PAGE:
- The Washington Times - Saturday, March 22, 2003

Eleven House Democrats yesterday voted against a resolution supporting U.S. troops and President Bush's leadership as their commander in chief, saying they couldn't approve a war or a president they disagree with.
"I, for one, will not be forced to praise the president's reckless decision when what I want to do is praise the troops," said Rep. Jim McDermott, Washington Democrat, who voted "no."
Mr. McDermott was one of three Democratic lawmakers who traveled to Baghdad to meet with Iraqi leaders last fall. In a television interview during that trip, Mr. McDermott said Mr. Bush would "mislead the American public" to gain support for war.
The resolution finally passed at 3 a.m. yesterday, after Republican and Democratic leaders spent hours hashing out differences over Republicans' wording that praised the president, called Saddam Hussein in "material breach" of United Nations resolutions and defined action in Iraq as part of the war on terror.
The resolution passed 392-11, with another 22 House members 21 Democrats and one Republican voting "present."
"We salute every person taking risks to confront terrorism and tyranny to expand the frontiers of freedom. And we salute the president for showing the world the power of strong, moral leadership," said House Majority Leader Tom DeLay, Texas Republican and one of the chief authors of the resolution.
Republican aides said House Minority Leader Nancy Pelosi, California Democrat, was involved from the beginning in writing the resolution with Republican leaders. But they said she found herself trapped between trying to accommodate Republicans and the strongly anti-war faction of her party.
One House Democratic leadership aide said Mrs. Pelosi did have to work to persuade anti-war Democrats not to object to bringing up the resolution, which would have postponed it for at least a day.
But on the other hand, the aide said, Mrs. Pelosi succeeded in broadening the resolution to include more than the one clause in the first draft that specifically supported the troops.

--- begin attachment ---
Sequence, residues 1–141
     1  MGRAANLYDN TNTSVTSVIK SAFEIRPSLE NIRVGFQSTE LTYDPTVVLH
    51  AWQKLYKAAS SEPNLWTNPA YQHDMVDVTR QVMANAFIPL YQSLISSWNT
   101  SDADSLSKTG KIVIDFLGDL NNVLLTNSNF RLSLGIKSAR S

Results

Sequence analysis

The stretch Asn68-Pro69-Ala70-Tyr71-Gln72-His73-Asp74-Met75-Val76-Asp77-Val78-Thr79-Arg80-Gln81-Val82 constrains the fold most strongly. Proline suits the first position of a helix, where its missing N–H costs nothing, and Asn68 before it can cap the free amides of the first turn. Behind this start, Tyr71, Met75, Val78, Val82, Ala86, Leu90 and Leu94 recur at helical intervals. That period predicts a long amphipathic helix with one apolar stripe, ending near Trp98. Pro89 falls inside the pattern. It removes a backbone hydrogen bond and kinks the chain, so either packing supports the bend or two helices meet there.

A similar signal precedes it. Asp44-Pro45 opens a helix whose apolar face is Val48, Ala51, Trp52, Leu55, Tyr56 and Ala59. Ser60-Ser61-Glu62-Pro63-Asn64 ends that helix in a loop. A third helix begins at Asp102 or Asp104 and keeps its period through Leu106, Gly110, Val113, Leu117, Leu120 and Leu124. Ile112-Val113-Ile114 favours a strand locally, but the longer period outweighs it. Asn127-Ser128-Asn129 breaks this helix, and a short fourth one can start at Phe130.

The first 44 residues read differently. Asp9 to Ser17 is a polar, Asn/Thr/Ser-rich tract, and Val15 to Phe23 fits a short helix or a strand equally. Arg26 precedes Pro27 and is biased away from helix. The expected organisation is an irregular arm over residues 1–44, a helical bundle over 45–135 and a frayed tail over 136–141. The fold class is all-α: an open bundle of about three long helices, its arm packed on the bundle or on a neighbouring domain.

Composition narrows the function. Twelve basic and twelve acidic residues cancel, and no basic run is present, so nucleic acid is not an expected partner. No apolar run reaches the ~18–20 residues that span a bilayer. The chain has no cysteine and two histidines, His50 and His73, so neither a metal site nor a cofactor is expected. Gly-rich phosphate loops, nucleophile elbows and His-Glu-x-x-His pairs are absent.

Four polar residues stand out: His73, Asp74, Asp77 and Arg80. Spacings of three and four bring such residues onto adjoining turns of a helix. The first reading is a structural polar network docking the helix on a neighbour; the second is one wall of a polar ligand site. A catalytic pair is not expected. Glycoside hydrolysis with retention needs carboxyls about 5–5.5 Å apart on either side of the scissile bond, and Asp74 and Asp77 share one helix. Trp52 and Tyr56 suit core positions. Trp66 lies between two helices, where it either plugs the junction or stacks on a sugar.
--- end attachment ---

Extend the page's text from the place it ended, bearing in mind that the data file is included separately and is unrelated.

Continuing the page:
Mrs. Pelosi also persuaded Republicans to change support for the president to support for his role as commander in chief.
"I disagree with the policy that took us to this war. I dispute some of the arguments used in favor of this resolution, and I am disappointed in some of the provisions in this resolution," Mrs. Pelosi said on the floor. "But even those objections cannot overcome the pride and appreciation that I have in our troops. And the message I want them to hear from us tonight of our support for them."
A few Democrats proposed changing the resolution on the House floor to concentrate solely on the troops and drop references to Mr. Bush.
But Republicans blocked those attempts, with Rep. Duncan Hunter, California Republican and chairman of the Armed Services Committee, saying he wondered what the troops in battle would think of Democrats' objections.
"If they're watching this procedure, they're probably wondering what in the heck those guys are doing," he said.
Some Democrats said they had no choice but to vote against the resolution.
Eight of the 11 members who voted no are part of the Congressional Black Caucus, while another 15 of those who voted present were CBC members.
"In spite of our policy differences, I do support our young men and women in uniform. What I cannot support, though, is this resolution that endorses war against Iraq," said Rep. Barbara Lee, California Democrat and member of the CBC.
The Senate was able to act more quickly, and with more unanimity, Thursday afternoon.
On a 99-0 vote, the Senate passed its own resolution. It lacked most of the clauses Democrats objected to in the House, but still termed the war "lawful and fully authorized by the Congress."
The Senate resolution closely tracked the one both chambers passed in 1991 at the beginning of the first Persian Gulf war. That resolution was approved 98-0 in the Senate, and 399-6 in the House. Five House Democrats and one independent voted against the resolution, while another six Democrats voted present.

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